219 reputation
29
bio website joezeng.com
location
age 21
visits member for 1 year, 11 months
seen Dec 11 at 4:17

Mar
21
comment Does a Haiku needs to have exactly 17 syllables?
Would that single word haiku have been "Supercalifra- / -gilisticexpiali- / -dociosity"?
Mar
21
comment How do I better handle my nameless main character when trying to retain mystery?
I know what second-person narration is; it's just I thought the main character (as narrated) was definitely intended to be somebody who was not the reader, which would make the second person not make sense.
Mar
18
comment How do I better handle my nameless main character when trying to retain mystery?
Ah, so the reader is the mystery character?
Sep
14
comment Is there any standardized definition of a “Mary Sue”?
(^ Talk about black holes.)
Apr
29
comment What are some examples of modern original plots?
I'd dispute Harry Potter, due to this.
Mar
13
comment Is there any standardized definition of a “Mary Sue”?
And I guess an obligatory "warning" that the above link is a TVTropes link that will immediately kill three hours of your time.
Mar
13
comment Is there any standardized definition of a “Mary Sue”?
McCann's answer also focuses on "undue attention". It would seem that the "real" definition of Mary Sue is the Black Hole Sue.
Mar
13
comment Is there any standardized definition of a “Mary Sue”?
"violet eyes and fiery hair." This reminds me of the dragon girls from the Last Dragon Chronicles by Chris D'Lacey.
Mar
12
comment Is there any standardized definition of a “Mary Sue”?
"Embody"! That was the word I was looking for!
Mar
2
comment Is there any standardized definition of a “Mary Sue”?
It makes people think Mary Sue is some a priori categorization of a character that will ruin the story just because it's there.
Feb
27
comment Is there any standardized definition of a “Mary Sue”?
I think "encompass" or "cover" would have been correct. Anyway, I still consider the listing of character traits that are "considered harmful" (and treating a Mary Sue as an archetype in general, as people are wont to do) to generally be a negative thing, as people will bend over to avoid those traits and create something equally as contrived but avoiding those things. Best to get to the root of the problem if at all possible.
Feb
27
comment Is there any standardized definition of a “Mary Sue”?
I've seen that page before, and it only further supports the belief that the term "Mary Sue" is nowadays much too overarching.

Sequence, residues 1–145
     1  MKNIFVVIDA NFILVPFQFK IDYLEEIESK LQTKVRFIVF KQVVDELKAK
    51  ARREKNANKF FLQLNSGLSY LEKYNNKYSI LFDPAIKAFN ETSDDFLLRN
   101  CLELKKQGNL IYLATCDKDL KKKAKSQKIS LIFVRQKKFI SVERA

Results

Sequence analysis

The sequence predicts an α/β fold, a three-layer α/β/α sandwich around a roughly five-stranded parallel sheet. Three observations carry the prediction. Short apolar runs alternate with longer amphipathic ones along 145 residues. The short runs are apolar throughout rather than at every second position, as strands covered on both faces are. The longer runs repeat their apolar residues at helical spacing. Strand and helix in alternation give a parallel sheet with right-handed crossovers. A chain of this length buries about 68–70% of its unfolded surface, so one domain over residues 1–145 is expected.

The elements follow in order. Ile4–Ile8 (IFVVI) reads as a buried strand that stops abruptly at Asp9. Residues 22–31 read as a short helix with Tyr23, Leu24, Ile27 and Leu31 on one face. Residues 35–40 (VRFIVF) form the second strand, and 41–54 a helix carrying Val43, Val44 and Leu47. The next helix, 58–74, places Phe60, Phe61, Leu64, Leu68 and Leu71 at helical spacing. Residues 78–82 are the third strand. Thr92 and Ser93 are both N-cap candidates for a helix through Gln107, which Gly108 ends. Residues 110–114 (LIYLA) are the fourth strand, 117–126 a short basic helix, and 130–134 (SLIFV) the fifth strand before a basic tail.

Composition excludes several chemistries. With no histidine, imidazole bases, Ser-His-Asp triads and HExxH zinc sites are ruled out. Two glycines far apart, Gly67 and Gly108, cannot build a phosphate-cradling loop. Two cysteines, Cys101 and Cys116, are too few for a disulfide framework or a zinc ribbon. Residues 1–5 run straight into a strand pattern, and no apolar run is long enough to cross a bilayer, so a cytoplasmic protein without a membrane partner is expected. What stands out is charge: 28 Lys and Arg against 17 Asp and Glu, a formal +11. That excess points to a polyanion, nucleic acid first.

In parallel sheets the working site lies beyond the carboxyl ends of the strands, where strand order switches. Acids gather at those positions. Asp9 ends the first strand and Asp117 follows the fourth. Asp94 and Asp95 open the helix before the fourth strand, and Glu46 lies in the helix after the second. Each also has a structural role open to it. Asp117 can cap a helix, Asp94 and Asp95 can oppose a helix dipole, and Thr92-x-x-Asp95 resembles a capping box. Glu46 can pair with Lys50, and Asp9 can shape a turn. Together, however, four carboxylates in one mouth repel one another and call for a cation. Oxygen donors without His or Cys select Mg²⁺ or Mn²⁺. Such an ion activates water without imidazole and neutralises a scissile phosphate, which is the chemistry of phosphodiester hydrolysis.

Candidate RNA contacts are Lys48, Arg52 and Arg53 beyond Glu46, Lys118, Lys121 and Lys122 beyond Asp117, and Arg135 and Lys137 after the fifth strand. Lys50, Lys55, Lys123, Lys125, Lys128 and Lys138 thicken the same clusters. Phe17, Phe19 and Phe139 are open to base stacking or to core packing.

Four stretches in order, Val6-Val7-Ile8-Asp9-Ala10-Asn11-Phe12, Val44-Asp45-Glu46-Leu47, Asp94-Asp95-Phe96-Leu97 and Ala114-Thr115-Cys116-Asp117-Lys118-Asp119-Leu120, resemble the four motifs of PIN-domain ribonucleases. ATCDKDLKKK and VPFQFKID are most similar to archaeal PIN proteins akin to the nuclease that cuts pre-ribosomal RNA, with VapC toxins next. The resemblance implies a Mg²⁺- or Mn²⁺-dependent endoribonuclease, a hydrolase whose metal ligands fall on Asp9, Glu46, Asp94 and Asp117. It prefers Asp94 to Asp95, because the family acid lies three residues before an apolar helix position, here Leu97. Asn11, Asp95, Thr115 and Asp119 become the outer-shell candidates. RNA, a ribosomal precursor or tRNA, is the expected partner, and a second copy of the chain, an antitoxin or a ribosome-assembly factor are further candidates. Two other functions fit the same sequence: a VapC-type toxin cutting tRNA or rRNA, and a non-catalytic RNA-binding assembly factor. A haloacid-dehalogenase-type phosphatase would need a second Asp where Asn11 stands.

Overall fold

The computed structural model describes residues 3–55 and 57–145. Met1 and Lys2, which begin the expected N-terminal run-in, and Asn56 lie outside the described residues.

Feb
26
comment Is there any standardized definition of a “Mary Sue”?
Not really. I was asking whether the notion of a Mary Sue really did have a unified, agreed-on meaning that I simply wasn't aware of.
Feb
26
comment Is there any standardized definition of a “Mary Sue”?
(I'm sure there's a better term than "encloses". It's on the tip of my tongue, but for the love of me, I can't remember what the word is.)
Feb
26
comment Is there any standardized definition of a “Mary Sue”?
I feel like this really is the most workable definition, especially with that concept of "reversed narrative causality", which encloses my "traits for the sake of traits" rather nicely.
Feb
26
comment Is there any standardized definition of a “Mary Sue”?
"Most descriptions of a Mary Sue are essentially lists of character traits commonly used to prop up a Mary Sue in this manner." And if they didn't do this, maybe our definitions would be more consistent.
Feb
26
comment Is there any merit to the term “Mary Sue”?
@ShantnuTiwari, You can write that question. I think it's too far away from what I was asking here.
Feb
26
comment Is there any merit to the term “Mary Sue”?
But yeah, this topic will generate way too much discussion. Maybe we should, like, start a chatroom for this topic.
Feb
26
comment Is there any merit to the term “Mary Sue”?
Personally, I think that bolting flaws onto a character will not stop them from being "Mary Sues". In fact, bolting too many flaws on a character is also considered a signal of a Mary Sue nowadays. Hence the definition that I now use, "a character that has any traits, good or bad, that are just bolted on for the sake of being there." I find it covers most cases I find, even if I never use the term in any serious way in literary criticism.
Feb
26
comment Is there any merit to the term “Mary Sue”?
I can see why this question might not be good for the type of QA that Stack Exchange intends now.